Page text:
The Secret Reason the SNB Opposes the Swiss Gold Referendum
[Ed. Note: Where in the world is Switzerland’s gold? And, more importantly, if the Swiss Gold Referendum passes how difficult will it be for Switzerland to repatriate its gold? Ronan Manly explores that, and the inconsistencies in the SNB’s story. Read on…]
The Swiss referendum on monetary gold approaches on 30 November, less than four weeks, one aspect of the debate continues to focus on the need, or otherwise, for the Swiss National Bank (SNB) to continue to store a percentage of the Swiss gold reserves abroad.
One of the three objectives of the gold initiative is to have all Swiss gold stored in Switzerland. The Swiss central bankers and the ‘no’ campaign maintains that it’s imperative to maintain foreign gold storage at major gold trading centres that can be quickly traded in the event of a financial crisis. While the ‘yes’ campaign counters that this argument is redundant and that it is far safer to have Switzerland’s gold stored in Switzerland during a financial crisis.
For example, Luzi Stamm, an SVP politician of the ‘yes’ campaign, said recently that there is ‘no compelling reason’ to store Swiss gold abroad, while Thomas Jordan, chairman of the governing board of the Swiss National Bank maintains that it’s easier to activate foreign held gold in a financial emergency if it’s stored at a major gold trading hub.
Within this aspect of the debate, it’s therefore critical to look at where the foreign held Swiss gold is actually stored — with the Bank of Canada and Bank of England and in what form it may be stored — earmarked or unallocated.
…the gold initiative is an exceptional issue since, if it passes, it will have a direct impact on the activities of the SNB…
It is also important to examine where the substantial Swiss gold sales in the early 2000s took place from — which included Swiss gold holdings that were stored at the US Federal Reserve Bank.
The Swiss National Bank (SNB) continued to enter the debate about Switzerland’s upcoming gold initiative last week, despite the SNB not normally entering into any political debates and discussions.
In an interview with Swiss newspaper NordWestSchweiz published on 29 October, SNB board member Fritz Zurbrügg said that while the SNB is usually very reluctant to comment on Swiss initiatives and referenda, on this occasion the central bank feels that they need to intervene.
In the SNB’s view, the gold initiative is an exceptional issue since, if it passes, it will have a direct impact on the activities of the SNB and will prevent the Bank from fully following its mandate in terms of monetary and investment policy.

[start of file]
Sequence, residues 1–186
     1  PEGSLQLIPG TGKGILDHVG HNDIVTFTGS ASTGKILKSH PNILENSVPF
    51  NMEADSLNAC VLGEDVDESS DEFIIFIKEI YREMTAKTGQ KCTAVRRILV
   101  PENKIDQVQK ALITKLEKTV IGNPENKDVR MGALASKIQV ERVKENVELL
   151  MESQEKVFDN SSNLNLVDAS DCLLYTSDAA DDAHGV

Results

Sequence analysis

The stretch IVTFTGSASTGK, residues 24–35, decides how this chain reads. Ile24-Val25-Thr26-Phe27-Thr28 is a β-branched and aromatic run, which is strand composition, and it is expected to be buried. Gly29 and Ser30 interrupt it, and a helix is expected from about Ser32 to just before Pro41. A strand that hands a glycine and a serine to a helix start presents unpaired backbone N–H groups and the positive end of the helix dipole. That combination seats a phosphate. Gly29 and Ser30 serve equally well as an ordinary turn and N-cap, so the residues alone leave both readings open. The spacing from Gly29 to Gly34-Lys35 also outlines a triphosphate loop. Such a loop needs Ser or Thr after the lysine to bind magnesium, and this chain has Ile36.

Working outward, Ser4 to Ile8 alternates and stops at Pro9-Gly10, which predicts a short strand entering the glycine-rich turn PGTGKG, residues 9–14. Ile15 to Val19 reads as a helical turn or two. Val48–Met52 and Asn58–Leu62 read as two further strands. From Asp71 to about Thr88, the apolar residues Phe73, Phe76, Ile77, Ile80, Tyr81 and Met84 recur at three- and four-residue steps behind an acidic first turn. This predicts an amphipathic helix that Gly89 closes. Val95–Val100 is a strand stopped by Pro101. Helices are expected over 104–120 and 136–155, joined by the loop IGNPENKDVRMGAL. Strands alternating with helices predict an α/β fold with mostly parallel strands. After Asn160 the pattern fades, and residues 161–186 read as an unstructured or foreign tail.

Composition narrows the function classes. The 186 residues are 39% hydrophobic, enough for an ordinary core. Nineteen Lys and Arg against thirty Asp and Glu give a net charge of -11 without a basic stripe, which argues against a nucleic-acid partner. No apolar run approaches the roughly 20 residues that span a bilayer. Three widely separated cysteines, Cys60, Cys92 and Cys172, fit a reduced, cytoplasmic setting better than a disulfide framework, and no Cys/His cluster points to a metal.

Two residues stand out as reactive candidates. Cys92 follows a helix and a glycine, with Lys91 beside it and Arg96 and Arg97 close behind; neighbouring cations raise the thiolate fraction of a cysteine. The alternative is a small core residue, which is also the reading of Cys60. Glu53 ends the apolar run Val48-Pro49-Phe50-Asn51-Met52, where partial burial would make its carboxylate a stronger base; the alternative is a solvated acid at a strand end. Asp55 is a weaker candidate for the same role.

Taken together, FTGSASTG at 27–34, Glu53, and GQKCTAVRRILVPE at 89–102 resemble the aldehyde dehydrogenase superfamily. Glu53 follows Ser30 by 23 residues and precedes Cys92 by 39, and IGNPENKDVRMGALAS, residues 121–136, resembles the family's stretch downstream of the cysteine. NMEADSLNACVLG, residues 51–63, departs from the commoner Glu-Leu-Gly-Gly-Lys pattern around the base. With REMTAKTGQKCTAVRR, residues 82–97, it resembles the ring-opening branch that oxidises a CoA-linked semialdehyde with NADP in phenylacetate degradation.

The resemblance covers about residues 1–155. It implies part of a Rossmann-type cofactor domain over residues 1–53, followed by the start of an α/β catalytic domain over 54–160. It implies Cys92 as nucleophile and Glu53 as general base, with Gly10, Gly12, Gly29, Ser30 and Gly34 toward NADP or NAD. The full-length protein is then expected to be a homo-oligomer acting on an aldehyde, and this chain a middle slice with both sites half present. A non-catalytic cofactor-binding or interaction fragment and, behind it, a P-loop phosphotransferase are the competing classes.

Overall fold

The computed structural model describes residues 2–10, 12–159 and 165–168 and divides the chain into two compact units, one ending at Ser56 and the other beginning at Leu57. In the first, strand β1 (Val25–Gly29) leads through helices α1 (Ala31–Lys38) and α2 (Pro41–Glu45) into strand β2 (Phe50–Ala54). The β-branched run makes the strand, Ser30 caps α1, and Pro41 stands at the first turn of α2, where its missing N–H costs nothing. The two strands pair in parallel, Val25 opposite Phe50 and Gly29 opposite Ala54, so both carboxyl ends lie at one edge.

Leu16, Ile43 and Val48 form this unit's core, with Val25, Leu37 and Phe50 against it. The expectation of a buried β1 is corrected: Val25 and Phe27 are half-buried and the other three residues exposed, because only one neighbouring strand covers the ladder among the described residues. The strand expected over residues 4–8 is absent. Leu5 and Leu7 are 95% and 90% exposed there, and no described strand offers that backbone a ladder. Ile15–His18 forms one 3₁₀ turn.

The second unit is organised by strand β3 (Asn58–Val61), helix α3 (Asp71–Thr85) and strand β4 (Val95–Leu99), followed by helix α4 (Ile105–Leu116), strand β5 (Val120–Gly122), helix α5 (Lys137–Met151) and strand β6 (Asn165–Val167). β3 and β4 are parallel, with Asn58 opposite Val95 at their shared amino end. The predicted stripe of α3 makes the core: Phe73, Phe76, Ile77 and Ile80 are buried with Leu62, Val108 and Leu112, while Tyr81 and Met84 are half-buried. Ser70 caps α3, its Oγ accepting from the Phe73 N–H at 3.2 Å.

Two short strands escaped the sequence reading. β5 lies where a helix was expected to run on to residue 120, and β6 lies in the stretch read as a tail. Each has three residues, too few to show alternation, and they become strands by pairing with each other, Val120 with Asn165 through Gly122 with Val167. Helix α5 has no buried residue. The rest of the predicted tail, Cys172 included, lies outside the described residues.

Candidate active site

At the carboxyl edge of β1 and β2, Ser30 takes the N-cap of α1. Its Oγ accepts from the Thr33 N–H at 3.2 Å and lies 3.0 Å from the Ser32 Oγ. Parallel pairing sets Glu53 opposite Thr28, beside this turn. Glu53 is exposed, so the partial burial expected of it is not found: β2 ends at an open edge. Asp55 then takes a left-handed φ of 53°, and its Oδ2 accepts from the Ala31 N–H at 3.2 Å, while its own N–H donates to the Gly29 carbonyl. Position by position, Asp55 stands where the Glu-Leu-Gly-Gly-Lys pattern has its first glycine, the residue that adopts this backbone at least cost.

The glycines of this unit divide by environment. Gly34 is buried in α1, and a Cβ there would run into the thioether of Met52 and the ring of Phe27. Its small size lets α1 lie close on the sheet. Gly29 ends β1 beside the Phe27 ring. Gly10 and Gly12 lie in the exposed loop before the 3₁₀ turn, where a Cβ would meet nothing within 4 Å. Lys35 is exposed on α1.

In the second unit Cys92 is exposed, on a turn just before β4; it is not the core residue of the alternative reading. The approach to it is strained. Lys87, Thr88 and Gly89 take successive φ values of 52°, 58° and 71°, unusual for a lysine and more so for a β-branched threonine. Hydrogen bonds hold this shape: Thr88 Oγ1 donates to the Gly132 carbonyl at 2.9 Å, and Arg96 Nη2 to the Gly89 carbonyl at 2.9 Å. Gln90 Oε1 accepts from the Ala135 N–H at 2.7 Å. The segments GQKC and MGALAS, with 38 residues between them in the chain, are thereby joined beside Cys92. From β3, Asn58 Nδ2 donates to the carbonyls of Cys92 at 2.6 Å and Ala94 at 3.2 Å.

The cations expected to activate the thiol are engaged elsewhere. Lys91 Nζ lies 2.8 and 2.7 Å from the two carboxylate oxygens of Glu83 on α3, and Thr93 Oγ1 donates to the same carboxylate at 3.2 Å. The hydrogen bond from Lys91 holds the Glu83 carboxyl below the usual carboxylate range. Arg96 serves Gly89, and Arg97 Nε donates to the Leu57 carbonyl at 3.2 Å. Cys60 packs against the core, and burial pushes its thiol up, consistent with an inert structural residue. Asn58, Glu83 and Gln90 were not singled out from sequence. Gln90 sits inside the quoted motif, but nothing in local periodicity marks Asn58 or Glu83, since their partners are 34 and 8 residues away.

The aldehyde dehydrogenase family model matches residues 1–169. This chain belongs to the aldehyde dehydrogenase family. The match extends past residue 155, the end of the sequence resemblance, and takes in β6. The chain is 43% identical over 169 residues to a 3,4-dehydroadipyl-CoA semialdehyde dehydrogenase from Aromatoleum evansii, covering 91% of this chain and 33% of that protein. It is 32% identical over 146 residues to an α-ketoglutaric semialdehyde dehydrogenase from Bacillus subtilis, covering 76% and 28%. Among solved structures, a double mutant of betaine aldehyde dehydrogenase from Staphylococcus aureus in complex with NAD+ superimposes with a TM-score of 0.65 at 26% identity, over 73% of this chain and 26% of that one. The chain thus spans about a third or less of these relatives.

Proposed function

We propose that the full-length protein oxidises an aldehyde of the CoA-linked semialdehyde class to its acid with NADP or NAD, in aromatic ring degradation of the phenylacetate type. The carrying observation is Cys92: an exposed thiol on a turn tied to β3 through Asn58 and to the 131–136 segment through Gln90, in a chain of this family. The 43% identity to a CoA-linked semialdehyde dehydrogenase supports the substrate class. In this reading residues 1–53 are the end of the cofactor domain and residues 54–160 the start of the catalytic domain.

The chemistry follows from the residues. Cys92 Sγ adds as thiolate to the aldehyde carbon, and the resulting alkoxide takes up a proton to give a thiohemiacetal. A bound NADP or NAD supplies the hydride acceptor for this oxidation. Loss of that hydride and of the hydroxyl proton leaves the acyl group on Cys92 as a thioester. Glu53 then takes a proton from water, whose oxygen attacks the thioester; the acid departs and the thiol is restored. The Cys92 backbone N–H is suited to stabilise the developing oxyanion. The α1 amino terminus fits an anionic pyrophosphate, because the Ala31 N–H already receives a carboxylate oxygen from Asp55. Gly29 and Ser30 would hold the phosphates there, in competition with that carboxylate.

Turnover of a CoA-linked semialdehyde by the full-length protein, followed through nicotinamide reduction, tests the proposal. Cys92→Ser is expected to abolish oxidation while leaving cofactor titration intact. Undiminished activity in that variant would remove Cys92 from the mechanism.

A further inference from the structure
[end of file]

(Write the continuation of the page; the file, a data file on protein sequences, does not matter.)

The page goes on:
In a tactic similar to that used by the recently formed anti ‘gold initiative’ political campaign, Zurbrügg attempted to connect the SNB’s gold holdings to the financial budgets of the Swiss cantons by highlighting that if gold holdings rose as a percentage of the SNB’s balance sheet, then a fall in the gold price could reduce distributable income to the Swiss Federation and the cantons, and that additionally gold also does not pay any interest or dividends.
Zurbrügg stated that “a high gold content does not guarantee currency stability”, and he re-introduced the argument that with the gold initiative calling for at least 20% of central bank reserve assets to be held in gold, that this gold cannot be sold and is therefore useless in a financial crisis.
This statement, that gold which cannot be sold becomes useless in a financial crisis is not factually correct. Many central banks in the past have either swapped monetary gold for US dollars as a way of raising dollar liquidity, for example the Swedish Riksbank in 2008, or used monetary gold as collateral to obtain US dollar loans during a crisis.
The World Gold Council (WGC) even has an entire team of staff dedicated to assisting and encouraging central banks to manage and optimise gold as part of their reserve portfolios, and the WGC regularly runs courses for central bank staff explaining how gold can provide liquidity and stability to central bank reserve portfolios.
In an argument for holding gold abroad, Zurbrügg said that an emergency supply of gold needs to be in ‘major gold trading centres’ of which he claimed both London and Ottawa to be ‘major gold trading centres’. That’s notwithstanding the fact that Ottawa has not been a major gold trading centre for many years.
One interesting question from the newspaper journalist to Zurbrügg that’s worth repeating was that when Zurbrügg was asked “How often does the Swiss National Bank inspect and check that the Swiss stocks (foreign held gold) are actually on site?”, he replied “I can say only this much: There are regular visits. The gold bars are numbered and identified at all times.”
According to a report in the Swiss newspaper ‘Tages Anzeiger’ on 7 October, when Luzi Stamm’s gold initiative campaign team submitted their initiative to the Swiss Federal Chancellor in March 2013, the campaign founders had claimed that “almost half of the Swiss gold reserves were stored abroad — much of it in the United States”, and that it was specifically this claim that prompted the SNB to then reveal In April 2013, for the first time, that the Swiss gold reserves were 70% stored in Switzerland, 20% in England and 10% in Canada.
If there had, at some time, been almost half of Switzerland’s 2,590 tonnes of gold held abroad, much of it in the US, then there would have been approximately 1,300 tonnes of gold stored abroad, much of it in the US.
On 26 April 2013, just over a week after the Federal Chancellor had confirmed the validity of the gold initiative signature count and the wording of the gold initiative referendum, the Swiss National Bank (SNB) appeared to be panicked, since, at its general shareholders meeting, the Bank’s chairman of the governing board, Thomas Jordan spent over half his speech (4 entire pages of a 7 page speech) attempting to defend the Bank’s approach to its gold holdings.